python reference a property like a function

How do you pythonically set multiple properties without referencing them individually? Below is my solution.

class Some_Class(object):

    def __init__(self):
        def init_property1(value): self.prop1 = value
        def init_property2(value): self.prop2 = value

        self.func_list = [init_property1, init_property2]

    @property
    def prop1(self):
        return 'hey im the first property'

    @prop1.setter
    def prop1(self, value):
        print value

    @property
    def prop2(self):
        return 'hey im the second property'

    @prop2.setter
    def prop2(self, value):
        print value


class Some_Other_Class(object):

    def __init__(self):

        myvalues = ['1 was set by a nested func','2 was set by a nested func']
        some_class= Some_Class()

        # now I simply set the properties without dealing with them individually
        # this assumes I know how they are ordered (in the list)
        # if necessary, I could use a map

        for idx, func in enumerate(some_class.func_list):
            func(myvalues[idx])

        some_class.prop1 = 'actually i want to change the first property later on'

if __name__ == '__main__':
    test = Some_Other_Class()

this became necessary to do when I had many many properties to initialize with user defined values. My code otherwise would look like a giant list of setting each property individually (very messy).

Note that many people have good answers below and I think I have reached a good solution. This is a re-edit mostly trying to clearly state the question. But, if anyone has a better approach please share!

Answers


just use the @property decorator

>>> class A:
...    a=2
...    @property
...    def my_val(self,val=None):
...        if val == None:return self.a
...        self.a = val
...
>>> a=A()
>>> a.my_val
2
>>> a.my_val=7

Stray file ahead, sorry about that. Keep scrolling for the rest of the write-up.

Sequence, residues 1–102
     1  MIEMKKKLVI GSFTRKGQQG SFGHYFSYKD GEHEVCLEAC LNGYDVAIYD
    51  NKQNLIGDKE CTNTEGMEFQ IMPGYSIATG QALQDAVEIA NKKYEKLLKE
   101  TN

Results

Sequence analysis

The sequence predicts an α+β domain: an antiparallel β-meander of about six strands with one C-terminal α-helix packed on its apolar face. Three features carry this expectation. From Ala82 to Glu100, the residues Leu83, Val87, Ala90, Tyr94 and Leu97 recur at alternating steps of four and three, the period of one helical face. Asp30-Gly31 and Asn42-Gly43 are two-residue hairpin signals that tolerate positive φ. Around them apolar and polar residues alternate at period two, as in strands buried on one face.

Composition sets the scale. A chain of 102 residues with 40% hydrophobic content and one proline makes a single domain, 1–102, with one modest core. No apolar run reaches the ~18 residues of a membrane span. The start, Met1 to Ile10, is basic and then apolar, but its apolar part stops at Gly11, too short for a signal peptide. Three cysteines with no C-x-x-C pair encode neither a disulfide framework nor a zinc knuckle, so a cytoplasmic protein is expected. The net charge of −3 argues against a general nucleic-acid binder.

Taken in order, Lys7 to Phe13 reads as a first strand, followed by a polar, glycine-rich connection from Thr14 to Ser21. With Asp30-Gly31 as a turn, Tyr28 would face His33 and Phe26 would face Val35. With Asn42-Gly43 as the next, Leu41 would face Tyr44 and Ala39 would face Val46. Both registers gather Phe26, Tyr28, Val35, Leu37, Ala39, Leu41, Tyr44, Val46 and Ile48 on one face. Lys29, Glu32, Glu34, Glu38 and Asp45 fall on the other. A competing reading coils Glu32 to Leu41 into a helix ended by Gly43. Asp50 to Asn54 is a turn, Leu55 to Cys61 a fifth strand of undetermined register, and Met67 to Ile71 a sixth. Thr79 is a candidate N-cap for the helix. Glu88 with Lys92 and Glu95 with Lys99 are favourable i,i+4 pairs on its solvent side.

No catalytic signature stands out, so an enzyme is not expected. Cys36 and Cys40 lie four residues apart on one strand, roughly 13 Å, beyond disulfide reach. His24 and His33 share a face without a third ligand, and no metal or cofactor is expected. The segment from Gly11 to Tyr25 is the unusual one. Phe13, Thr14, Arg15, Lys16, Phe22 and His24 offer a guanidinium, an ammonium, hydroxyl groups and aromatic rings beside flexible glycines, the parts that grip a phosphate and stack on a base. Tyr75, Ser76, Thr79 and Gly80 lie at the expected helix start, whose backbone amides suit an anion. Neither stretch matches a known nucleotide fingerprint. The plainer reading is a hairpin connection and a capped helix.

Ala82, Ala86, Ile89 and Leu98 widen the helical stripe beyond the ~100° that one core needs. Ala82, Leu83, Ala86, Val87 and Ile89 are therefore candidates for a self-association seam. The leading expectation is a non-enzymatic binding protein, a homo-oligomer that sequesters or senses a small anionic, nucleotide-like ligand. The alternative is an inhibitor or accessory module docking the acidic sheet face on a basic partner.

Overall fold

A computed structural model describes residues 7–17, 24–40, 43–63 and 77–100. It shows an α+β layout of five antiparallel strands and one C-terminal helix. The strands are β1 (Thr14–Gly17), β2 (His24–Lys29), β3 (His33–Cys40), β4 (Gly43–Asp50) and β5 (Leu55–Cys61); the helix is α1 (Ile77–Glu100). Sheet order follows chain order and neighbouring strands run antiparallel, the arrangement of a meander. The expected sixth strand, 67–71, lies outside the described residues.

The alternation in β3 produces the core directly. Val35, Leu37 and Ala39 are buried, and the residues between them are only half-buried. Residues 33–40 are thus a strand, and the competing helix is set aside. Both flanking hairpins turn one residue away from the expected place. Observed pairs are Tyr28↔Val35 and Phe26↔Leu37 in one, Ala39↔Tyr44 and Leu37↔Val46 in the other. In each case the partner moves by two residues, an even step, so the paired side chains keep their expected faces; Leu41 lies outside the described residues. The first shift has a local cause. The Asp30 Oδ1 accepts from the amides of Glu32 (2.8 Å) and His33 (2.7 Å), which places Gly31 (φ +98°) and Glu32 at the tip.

>>> a.my_val
7

something like this?

if you only want to allow setting then dont give it a default val

>>> class A:
...    a=2
...    @property
...    def my_val(self,val):
...        self.a = val
...
>>> a=A()
>>> a.my_val
<Exception>
>>> a.my_val=7
>>> a.a
7

or if you only want to allow retrieval just ommit the 2nd arg

>>> class A:
...    a=2
...    @property
...    def my_val(self):
...        return self.a
...      
...
>>> a=A()
>>> a.my_val
2
>>> a.my_val=7
<Exception>

I ... finally think I know what you're trying to do, and you don't need to do it the way you're approaching it. Let me take a stab at this.

class someclass(object):

    def __init__(self):
        func_list = [self.setter1, self.setter2]
        value_list = [1, 2]
        #    These lines don't need to be this complicated.
        #    for ind in range(len(func_list)): 
        #        func_list[ind](value_list[ind])

        for idx, func in enumerate(func_list):
            func(value_list[idx])

        #  Or even better
        for idx, (func, val) in enumerate(zip(func_list, value_list)):
            func(val)

    def setter1(self, value): 
        self.a = value

    def setter2(self, value): 
        self.b = value

It's worth pointing out that the idx variable and enumerate calls are superfluous in the second form, but I wasn't sure if you need that elsewhere.


If you look up the property in the object dict, you will get the property descriptor (if any), and likewise with the class; e.g.

a = SomeClass()
descriptor = a.__dict__.get('descriptor', type(a).__dict__.get('descriptor'))

Assuming that descriptor is a descriptor, it will have the following methods:

['deleter', 'fdel', 'fget', 'fset', 'getter', 'setter']

Note the fget and fset.


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